By Alex Ellis, CEO
When I was 25 years old, I blew out my knee playing basketball.
What do you do when that happens? You lie down on the floor and groan, and then you go see a doctor. In that order.
Using x-rays, the doctor explained the problem and that I couldn’t simply walk softly for a while and let it recover.
Then he explained that I needed surgery and months of physical therapy.
I thanked him and agreed to proceed.
Here’s the point: If the doctor hadn’t convinced me of my need, I wouldn’t have agreed to surgery and months of physical therapy.
The same is true with God. We can embrace his solution only if we first understand our need. (See Matthew 9:11-13.)
THINK ABOUT THIS
If you’re like most people, you believe that everyone will continue to exist somewhere after death. Surveys show a majority of Americans believe in a heaven of some sort. Fewer believe in hell.
If God appeared to you and asked you, “Why should I let you into heaven?” what would you say?
Again, if you’re like most people, you might answer by pointing to your effort to live a good life. Why? Because most people believe that good people go to heaven. In other words, behave yourself now and that’s how you get in.1
But is that true?
Would it be worth your time to know what the Bible says about this important topic?
It’s what Easter weekend is about.
If you and I were honest with ourselves, hand-on-heart, we would probably acknowledge there are some things in the past we wish we would have done differently. Perhaps actions we took (or failed to take) that harmed someone else.
A summary of God’s standard can be read here. The Bible says it only takes one sin, just one, to fall short of God’s standard: “For whoever keeps the whole law (of God) and yet stumbles at just one point is guilty of breaking all of it” (James 2:10). So even if we live perfectly from this day forward, we’ve already missed the mark.
God sees our sin as a debt that is impossible for us to repay (see Matthew 18:21-35), and the consequences of sin is spiritual death, including eternity apart from him: “For the wages of sin is death…” (Romans 6:23). And all of humanity is in the same predicament: “All have sinned and fall short of the glory of God” (Romans 3:23).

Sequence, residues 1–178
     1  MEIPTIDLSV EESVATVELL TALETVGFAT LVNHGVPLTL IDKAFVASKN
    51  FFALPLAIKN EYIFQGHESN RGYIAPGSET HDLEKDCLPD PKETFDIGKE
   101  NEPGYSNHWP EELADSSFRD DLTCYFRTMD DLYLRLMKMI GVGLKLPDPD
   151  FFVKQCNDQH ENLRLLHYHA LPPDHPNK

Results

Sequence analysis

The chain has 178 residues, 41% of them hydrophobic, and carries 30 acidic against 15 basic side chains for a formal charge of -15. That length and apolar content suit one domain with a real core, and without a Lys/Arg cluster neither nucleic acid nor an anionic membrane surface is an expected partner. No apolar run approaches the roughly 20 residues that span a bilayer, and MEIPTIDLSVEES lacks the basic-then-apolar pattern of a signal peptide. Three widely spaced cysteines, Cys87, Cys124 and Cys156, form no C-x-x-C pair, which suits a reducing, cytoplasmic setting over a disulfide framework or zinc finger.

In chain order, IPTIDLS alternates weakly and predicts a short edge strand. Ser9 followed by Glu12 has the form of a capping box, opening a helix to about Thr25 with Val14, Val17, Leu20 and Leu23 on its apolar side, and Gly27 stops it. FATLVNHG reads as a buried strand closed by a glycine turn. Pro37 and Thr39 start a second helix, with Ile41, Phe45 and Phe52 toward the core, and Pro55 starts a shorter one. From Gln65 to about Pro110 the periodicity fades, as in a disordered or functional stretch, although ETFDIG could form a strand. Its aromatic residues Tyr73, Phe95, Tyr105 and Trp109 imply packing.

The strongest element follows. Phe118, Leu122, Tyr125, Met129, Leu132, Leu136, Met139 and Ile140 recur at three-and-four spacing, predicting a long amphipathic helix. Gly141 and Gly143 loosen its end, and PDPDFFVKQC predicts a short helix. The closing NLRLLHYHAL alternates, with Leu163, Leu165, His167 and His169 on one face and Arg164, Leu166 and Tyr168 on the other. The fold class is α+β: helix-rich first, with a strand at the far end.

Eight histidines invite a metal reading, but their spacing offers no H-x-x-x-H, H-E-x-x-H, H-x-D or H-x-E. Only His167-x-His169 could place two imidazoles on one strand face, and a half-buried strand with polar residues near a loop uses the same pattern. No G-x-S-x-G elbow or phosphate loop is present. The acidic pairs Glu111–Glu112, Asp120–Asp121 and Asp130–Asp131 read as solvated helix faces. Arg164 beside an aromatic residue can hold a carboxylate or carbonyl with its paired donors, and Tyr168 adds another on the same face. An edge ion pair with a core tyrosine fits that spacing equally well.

Simply put, we are totally unable to fix the situation by ourselves.
So, God’s two choices at this point seem to be:
- Compromise his integrity as a judge by ignoring justice (“Don’t worry about your sin. It’s ok.”); or
- Condemn all people to an eternity apart from him.
God can’t do Option 1.
And he doesn’t want to do Option 2.
So, what did God choose to do?
THE SOLUTION – SUBSTITUTION
When you were a kid in school and your teacher was out sick, who did the school send to your classroom? A substitute. That person wasn’t your teacher, she was there in place of your teacher.
When Jesus died on the cross, he wasn’t the sinner. He was there in place of the sinner. He offered himself as our substitute.
Jesus sacrificed his life on Good Friday to pay the penalty for our sin. Then, God raised him from the dead on Easter morning, showing he had accepted the sacrifice. The solution was finished.
Look at God’s heartfelt motive of love described in Ephesians 2:4-9: But because of his great love for us, God, who is rich in mercy, made us alive with Christ even when we were dead in transgressions — it is by grace you have been saved. And God raised us up with Christ and seated us with him in the heavenly realms in Christ Jesus, in order that in the coming ages he might show the incomparable riches of his grace, expressed in his kindness to us in Christ Jesus. For it is by grace you have been saved, through faith — and this is not from yourselves, it is the gift of God — not by works, so that no one can boast.
Years ago, I realized my need and asked him to give me his solution. I asked him to forgive me, I believed that he died and rose again to pay the penalty for my sin, and I confessed my faith in him.
Though I am far from perfect, I can say that he came to live inside of me and has had a lasting impact on my life.
God doesn’t play favorites, and nobody has sinned too much to receive his grace. The good news is he offers his solution as a free gift to anyone who truly believes.
If you haven’t responded to him like this before, he loves you and wants you to do so.
His invitation is real. And it’s for you.
How will you respond?
1 See Andy Stanley’s book, “Since Nobody’s Perfect, How Good is Good Enough?”